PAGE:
The location estimate (also referred to as location "lock") of the mobile station can be based, at least in part, on the measured distance or travel from the mobile station to the one or more transmitters, and is also based, at least in part, on the one or more The knowledge of the location of the transmitter is obtained. For example, such transmitters may include SVs in the SPS scenario and/or terrestrial base stations and/or Wi-Fi/802.11x transmitters or similar beacon transmitters in the case of cellular communication systems.

An almanac for position estimation can be maintained for the system. The almanac can contain a variety of information, including, for example, information that can be used in location estimation operations. Such information may include, for example, the identity and location of various transmitters of the system.

In one aspect, a mobile station can determine additional locking information associated with a location estimate for the mobile station, and the additional locking information can include one or more measurements obtained from processing one or more received wireless signals. . A signal representing at least a subset of the additional lock information can be transmitted to the network. Additionally, one or more signals representative of the updated almanac information may be received from the network. The updated almanac information may be based at least in part on the additional set of locked information.

As discussed above, the information organized in the almanac can be used in performing location estimation operations on the mobile station. The location estimate for the mobile station can be obtained, at least in part, from the distance or travel of the mobile station to one or more transmitters, such as a space vehicle (SV) at a known location and/or a ground base station. As mentioned previously, the almanac can contain a variety of information including, for example, the identity and location of various transmitters.

In another aspect, the mobile station can be provided with information related to one or more SVs that can enhance the first lock time (TTFF) for the mobile station. For example, the mobile station can be provided with predicted orbital information about several SVs. In one particular implementation, such information can help the mobile station narrow down the search window for acquiring signals from one or more of the SVs, thereby allowing, for example, faster acquisition of such signals. In addition, timing information from the SPS can be provided to the mobile station to further enhance the position estimation performance.

In one aspect, the mobile station can receive track and timing information from a network entity such as a secondary server. A number of mobile stations may provide information to the auxiliary server regarding signals acquired from various SVs and/or other beacon transmitters identified by unique identifiers or other features, and assist the server or some other network. Road entities can use the collected information to predict the orbit mode. The predictions may be broadcast to one or more mobile stations for use by the mobile stations in performing location estimation operations often referred to as location fixes. As used herein, the terms "location estimation operation" and "position locking" are synonymous and are used interchangeably.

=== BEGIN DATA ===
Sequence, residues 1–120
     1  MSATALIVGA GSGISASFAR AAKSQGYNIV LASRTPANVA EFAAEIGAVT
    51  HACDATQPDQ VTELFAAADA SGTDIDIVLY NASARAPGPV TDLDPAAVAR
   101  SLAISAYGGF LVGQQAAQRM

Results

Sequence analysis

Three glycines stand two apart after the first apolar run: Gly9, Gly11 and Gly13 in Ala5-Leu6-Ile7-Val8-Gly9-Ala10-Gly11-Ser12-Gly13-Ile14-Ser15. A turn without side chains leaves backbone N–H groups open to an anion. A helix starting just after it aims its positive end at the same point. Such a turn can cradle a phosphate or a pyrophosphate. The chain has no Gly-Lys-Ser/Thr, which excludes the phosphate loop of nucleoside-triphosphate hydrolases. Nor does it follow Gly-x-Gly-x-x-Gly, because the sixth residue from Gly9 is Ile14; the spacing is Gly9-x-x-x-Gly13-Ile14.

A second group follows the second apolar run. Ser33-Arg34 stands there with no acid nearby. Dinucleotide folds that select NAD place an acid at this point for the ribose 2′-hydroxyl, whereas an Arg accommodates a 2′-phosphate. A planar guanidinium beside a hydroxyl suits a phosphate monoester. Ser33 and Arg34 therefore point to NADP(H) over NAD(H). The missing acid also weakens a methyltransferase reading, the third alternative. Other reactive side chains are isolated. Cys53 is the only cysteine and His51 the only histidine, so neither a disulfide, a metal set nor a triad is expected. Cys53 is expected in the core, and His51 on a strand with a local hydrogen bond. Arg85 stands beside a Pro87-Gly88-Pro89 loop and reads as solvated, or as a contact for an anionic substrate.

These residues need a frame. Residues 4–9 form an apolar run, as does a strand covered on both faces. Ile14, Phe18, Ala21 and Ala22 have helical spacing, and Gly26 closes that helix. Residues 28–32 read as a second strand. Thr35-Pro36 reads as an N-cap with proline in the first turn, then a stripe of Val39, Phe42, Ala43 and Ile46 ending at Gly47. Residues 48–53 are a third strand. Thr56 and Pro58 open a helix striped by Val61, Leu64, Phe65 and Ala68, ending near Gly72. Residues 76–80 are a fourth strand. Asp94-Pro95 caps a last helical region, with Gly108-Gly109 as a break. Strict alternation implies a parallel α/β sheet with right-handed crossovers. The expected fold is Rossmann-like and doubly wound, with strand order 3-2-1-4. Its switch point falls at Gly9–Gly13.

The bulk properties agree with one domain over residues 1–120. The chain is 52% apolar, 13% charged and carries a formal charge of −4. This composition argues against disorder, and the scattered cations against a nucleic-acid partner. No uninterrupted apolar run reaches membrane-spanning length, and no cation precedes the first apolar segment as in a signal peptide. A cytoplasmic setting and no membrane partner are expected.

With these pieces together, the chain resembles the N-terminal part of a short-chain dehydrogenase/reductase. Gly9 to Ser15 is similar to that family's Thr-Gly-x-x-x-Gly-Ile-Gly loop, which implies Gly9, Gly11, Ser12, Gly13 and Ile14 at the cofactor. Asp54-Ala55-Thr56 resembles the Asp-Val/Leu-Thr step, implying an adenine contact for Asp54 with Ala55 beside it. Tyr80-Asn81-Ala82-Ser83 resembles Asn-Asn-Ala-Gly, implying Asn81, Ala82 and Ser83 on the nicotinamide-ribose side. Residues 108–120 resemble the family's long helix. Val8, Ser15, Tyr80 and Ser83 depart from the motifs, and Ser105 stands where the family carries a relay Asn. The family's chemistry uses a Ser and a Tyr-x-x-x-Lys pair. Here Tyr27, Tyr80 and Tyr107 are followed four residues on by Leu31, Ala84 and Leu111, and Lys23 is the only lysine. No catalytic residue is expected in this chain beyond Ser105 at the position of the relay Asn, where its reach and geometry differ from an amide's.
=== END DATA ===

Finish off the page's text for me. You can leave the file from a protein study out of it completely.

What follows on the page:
In another aspect, a plurality of mobile stations can collect information related to a wireless transmitter that may be referred to herein as a "base station" when performing location fixes. Such information may be referred to as "locking information" and may include measurement information related to one or more signals received from one or more base stations and/or utilized in obtaining location fixes. The lock information may also include transmitter location information that may be broadcast by at least some of the base stations. The lock information may further include information generated by one or more sensors of the mobile station. The mobile station can store information related to several location fixes, and such information can enhance the performance of future location locking operations for that particular mobile station. In one aspect, the information collected during the location locking process may be referred to as location locking information, or more simply as "locking information." Such locking information can be stored in the memory of the mobile station as a "locked database", wherein the locking information is organized and/or indexed according to a particular instance of location locking. The lock information can also be stored in a "cell service area database" in which the lock information can be organized and/or indexed based on the particular base station observed and/or identified during the location lock operation. In an exemplary implementation, the mobile station can include one of a cell service area database and a locked database. In another exemplary implementation, the mobile station can include both a cell service area database and a lock database. However, the scope of the claimed subject matter is not limited to any particular number or type of database capable of storing location-locked information. Similarly, the scope of the claimed subject matter is not limited to any particular organization and/or index that locks the information.